7 Fascinating Cultural Dances from Around the World

One of travel’s great joys is the opportunity to learn more about a place and a people, and dance is a wonderful medium through which important cultural elements are expressed.

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Whirling dervishes in Istanbul, Turkey
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1. Whirling Dervishes – Istanbul, Turkey

Demonstrating their faith and devotion through a religious ceremony known as the Sema, dervishes-properly known as semazens-are members of the Mevlevi Order, a sect of the Sufi branch of Islam. The men who perform this swirling dance are outfitted in long flowing skirts and whirl counterclockwise by spinning on their right feet (following the orbit of the planets and stars) with one hand pointed up (to receive divine blessings) and one hand down (to pass them along to those on earth). It’s a dizzying experience to watch—but not so, somehow, for the dervishes themselves.

When to Go: A number of venues in Istanbul offer performances year round, including the Hodjapasha Cultural Center, which is within close walking distance of top attractions like the Blue Mosque and Topkapi Palace.

Try This at Home: Lessons for this very special dance are extremely hard to come by in Canada, but the Jerrahi Sufi Order of Canada, based in Toronto, occasionally hosts whirling dervish performances.

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Haka dancing in New Zealand
Photo: Paolo Bona/Shutterstock

2. Haka – New Zealand

Haka, a traditional dance of New Zealand’s Maori, is a fearsome display. Historically performed by tattooed warriors before heading into battle, the dance involves forceful chants, stomping feet, body slaps and facial contortions. Other forms of the dance are performed to celebrate accomplishments or to welcome important guests. In modern times, the haka has been adopted by a different contingent of warriors—the All Blacks, New Zealand’s national rugby team, who perform the dance before heading into battle against their opponents out on the pitch.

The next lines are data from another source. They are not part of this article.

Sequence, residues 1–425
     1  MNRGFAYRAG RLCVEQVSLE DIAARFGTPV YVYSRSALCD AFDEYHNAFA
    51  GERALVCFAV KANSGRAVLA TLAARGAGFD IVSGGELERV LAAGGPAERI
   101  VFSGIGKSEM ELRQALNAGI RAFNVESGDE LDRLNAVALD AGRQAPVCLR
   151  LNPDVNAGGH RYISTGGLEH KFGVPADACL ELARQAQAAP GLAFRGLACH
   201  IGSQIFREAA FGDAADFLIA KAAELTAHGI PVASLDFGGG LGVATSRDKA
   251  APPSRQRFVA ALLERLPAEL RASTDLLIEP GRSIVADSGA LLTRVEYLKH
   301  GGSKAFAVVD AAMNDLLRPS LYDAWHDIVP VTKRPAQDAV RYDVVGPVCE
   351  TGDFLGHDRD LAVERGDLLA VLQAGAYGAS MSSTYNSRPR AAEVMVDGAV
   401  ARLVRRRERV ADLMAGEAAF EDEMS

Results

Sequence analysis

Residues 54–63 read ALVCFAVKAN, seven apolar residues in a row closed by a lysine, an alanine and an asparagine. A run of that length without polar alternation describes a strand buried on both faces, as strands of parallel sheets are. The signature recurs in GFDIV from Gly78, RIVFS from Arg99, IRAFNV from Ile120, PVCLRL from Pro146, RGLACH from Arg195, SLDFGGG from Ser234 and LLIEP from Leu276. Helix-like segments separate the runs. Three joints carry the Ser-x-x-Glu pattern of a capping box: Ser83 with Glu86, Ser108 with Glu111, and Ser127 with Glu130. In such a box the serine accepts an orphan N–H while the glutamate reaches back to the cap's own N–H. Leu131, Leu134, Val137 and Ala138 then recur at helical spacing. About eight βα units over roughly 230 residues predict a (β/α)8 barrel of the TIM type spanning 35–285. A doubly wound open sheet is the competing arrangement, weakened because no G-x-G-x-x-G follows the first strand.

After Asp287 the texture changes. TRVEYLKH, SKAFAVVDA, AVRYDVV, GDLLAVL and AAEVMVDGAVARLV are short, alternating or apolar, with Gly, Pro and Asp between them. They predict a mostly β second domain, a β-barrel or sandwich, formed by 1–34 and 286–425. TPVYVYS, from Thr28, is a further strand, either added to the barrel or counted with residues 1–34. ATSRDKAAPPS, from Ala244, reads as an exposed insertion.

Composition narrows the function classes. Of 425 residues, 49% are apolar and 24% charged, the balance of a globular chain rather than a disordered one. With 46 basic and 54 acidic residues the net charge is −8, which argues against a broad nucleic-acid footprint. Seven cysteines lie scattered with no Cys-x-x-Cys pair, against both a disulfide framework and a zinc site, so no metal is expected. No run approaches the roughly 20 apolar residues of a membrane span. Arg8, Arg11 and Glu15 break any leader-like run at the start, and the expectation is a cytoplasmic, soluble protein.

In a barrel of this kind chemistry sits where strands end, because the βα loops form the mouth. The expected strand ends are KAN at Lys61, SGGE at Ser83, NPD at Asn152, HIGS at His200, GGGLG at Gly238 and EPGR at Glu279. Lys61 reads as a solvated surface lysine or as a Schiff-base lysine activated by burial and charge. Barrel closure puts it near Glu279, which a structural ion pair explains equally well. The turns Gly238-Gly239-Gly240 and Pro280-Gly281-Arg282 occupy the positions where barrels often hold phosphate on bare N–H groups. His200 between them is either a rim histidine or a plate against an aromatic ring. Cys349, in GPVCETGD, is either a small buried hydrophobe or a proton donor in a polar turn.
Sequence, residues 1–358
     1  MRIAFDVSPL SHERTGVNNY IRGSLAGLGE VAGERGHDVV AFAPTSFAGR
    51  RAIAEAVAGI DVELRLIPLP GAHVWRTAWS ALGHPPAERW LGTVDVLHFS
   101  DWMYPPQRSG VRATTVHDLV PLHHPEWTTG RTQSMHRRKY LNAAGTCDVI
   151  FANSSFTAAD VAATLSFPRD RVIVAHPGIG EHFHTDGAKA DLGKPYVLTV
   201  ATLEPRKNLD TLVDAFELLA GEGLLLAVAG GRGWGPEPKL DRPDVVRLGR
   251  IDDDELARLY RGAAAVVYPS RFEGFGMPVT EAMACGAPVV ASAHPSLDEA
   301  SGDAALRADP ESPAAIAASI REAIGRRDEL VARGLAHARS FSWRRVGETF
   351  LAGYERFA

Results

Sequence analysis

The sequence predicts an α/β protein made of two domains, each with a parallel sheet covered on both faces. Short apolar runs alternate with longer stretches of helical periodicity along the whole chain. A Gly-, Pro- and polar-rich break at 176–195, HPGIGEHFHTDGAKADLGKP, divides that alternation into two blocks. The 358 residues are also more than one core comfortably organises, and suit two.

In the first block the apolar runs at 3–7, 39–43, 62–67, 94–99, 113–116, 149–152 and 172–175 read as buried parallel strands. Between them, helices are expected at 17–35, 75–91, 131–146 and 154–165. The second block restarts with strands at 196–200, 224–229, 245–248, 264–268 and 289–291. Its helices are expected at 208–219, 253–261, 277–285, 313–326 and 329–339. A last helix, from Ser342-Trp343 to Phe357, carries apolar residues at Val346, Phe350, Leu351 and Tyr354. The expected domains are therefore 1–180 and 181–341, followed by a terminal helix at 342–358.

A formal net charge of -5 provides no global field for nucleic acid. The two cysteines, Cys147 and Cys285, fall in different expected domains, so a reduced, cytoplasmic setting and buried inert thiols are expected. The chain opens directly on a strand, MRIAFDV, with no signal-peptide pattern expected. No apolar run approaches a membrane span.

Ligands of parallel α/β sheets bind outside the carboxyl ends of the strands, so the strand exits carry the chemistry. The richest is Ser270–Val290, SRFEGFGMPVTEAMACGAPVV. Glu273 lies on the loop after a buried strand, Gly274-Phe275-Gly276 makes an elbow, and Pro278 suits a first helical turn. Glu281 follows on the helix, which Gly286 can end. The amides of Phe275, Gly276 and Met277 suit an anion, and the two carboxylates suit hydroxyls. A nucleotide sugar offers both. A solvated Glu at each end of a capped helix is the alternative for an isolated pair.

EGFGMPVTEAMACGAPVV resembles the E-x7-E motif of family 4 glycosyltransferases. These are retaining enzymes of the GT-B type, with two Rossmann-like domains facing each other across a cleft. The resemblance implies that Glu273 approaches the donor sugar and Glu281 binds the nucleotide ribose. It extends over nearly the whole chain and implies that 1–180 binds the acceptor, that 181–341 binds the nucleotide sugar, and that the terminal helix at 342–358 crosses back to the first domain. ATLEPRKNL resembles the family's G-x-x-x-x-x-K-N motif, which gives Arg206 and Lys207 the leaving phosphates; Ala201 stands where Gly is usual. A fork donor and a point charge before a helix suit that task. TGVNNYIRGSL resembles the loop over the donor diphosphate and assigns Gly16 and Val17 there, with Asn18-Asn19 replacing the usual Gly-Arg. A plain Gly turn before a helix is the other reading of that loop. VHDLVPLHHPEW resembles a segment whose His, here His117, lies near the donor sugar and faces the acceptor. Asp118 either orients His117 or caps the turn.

When to Go: New Zealand is in the southern hemisphere, which means their seasons are opposite to those in North America-so November, December and January are some of the best months for travel.

Try This at Home: The Kauhane School of Polynesian Dance in Maple Ridge, B.C., offers lessons in traditional Maori and other Polynesian dances.

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Two-step dance in Texas
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3. Two-Step – Texas

Best performed wearing Wranglers and a pair of slick cowboy boots, this dance is popular across the southern United States, but gains its greatest expression on the shining dance hall floors of Texas. Closely tied with country and Western music (originally known as “hillbilly music”), which was carried out of the Appalachian Mountains and across the Mississippi by migrants travelling westward, the two-step is usually performed in pairs moving counter-clockwise around the dance floor to the sounds of the fiddle, dulcimer and steel guitar.

When to Go:
Summer is always a scorcher and winters can be rainy, so spring and fall make for the best times to visit the Lone Star State.

Try This at Home:
Alberta has always been Canada’s home for the two-step, and Ranchman’s Cookhouse and Dancehall, a Calgary institution, has been offering lessons for decades.

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Fire dancing in India
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4. Fire Dancing – Bikaner, India